By the time I had popped into all the shops which were interesting (which was a lot) and open (which seemed, somehow, to be fewer), it looked like the sea and the sky had merged and were about to get messy. I was hungry, and really just wanted to find a cafe to sit in and write, over a nice pastry. But all the cafes seemed to be rather tenuously perched, and I wasn't sure I felt like perching, exactly, anymore. Plus, the time was up in my parking meter, and I didn't want to bother anyone for change. So I left.

The weather turned suddenly raucous and scary. It took me over three hours to get home.

I was pretty cranky when I got there. I couldn't see . . . and still am having trouble seeing . . . the purpose behind a day like this, unless I'm meant to move to someplace like Bangladesh and needed the practice driving in life-threatening torrential rain. I was feeling guilty and thwarted for not having written anything. I was famished--and you don't want to see me when I'm famished. To top it all off, the gas gauge, which had been full when I left this morning, was registering a third of a tank. I had wasted a day and a large amount of really expensive petrol, I had polluted the environment for no good reason, and had nothing to show for it.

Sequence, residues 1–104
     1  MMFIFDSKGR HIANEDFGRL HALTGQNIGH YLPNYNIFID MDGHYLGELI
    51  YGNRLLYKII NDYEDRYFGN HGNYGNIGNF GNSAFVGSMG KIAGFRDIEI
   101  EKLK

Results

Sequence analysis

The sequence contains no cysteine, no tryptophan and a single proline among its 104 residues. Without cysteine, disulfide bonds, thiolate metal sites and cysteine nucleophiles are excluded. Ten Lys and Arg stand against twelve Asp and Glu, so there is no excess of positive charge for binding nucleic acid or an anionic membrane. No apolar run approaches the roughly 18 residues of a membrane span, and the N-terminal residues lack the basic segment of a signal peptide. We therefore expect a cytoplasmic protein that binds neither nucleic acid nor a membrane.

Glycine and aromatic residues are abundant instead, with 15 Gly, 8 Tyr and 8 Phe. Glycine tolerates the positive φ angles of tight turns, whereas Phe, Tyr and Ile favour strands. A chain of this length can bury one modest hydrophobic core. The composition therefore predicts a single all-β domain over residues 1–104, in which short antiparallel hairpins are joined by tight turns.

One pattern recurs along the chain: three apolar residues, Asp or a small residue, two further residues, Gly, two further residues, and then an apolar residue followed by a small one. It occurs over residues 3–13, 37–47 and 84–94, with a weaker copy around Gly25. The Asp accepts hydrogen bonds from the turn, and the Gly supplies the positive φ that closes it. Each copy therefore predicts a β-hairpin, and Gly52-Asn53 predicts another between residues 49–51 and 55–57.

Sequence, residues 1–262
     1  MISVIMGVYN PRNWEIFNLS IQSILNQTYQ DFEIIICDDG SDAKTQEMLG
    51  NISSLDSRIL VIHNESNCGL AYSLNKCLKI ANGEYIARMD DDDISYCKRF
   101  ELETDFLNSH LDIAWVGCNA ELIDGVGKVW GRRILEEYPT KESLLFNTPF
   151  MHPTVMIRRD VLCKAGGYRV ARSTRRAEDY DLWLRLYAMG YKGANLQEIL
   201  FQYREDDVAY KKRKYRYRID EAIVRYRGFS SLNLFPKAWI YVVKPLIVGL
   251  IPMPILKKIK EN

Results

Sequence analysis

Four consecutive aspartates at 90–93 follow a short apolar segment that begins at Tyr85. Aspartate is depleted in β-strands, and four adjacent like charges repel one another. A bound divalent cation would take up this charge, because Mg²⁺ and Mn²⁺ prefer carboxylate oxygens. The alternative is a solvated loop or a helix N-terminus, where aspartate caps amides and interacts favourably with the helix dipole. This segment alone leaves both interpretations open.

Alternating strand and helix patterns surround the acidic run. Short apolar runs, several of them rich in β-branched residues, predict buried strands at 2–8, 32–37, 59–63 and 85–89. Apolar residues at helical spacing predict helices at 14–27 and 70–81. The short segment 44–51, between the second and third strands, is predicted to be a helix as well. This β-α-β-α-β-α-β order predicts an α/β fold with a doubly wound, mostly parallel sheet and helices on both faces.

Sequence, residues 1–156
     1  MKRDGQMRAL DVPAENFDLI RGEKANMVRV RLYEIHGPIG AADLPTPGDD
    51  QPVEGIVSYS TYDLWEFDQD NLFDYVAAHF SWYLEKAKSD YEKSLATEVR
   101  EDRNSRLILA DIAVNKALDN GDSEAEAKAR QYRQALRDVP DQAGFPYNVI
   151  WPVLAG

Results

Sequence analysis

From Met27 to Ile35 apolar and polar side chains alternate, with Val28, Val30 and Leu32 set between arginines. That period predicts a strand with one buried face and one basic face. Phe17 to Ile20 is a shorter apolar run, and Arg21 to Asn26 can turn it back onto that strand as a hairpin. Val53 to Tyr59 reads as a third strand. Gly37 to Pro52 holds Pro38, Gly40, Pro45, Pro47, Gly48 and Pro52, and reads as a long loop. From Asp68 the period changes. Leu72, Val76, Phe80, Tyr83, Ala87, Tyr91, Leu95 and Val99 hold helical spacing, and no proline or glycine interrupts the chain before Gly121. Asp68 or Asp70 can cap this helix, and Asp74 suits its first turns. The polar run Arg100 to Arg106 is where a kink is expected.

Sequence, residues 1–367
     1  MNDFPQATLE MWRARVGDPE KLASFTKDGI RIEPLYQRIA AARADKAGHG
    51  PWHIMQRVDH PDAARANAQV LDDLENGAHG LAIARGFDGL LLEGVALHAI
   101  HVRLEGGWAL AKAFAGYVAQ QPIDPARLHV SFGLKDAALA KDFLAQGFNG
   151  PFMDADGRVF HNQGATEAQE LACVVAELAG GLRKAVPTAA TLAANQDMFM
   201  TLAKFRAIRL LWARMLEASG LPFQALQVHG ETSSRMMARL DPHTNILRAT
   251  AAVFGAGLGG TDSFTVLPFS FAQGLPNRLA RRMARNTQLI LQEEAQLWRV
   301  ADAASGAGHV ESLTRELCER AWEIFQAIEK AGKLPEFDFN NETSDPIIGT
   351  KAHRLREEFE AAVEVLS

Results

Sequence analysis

When I got home, there was a letter from this lovely lady who used to teach me Sunday school when I was nine. It was a great letter. Also, inside it was $50.

I still don't know what the point of today was. But I guess I feel less guilty and thwarted about it now. I didn't get a not-yielding-to-rotary-drivers ticket. I didn't get personally rained on. I didn't hydroplane off the road or into another vehicle. I got home safely. There was something to eat when I got there. And, apparently, my gas money was reimbursed.

I guess I feel like Someone knew all about it, and was watching me--but not so much with disgust because of my misuse of the day He had granted. More like He was watching out for me, no matter how trivial, and whatever the point.

Monday, May 14, 2007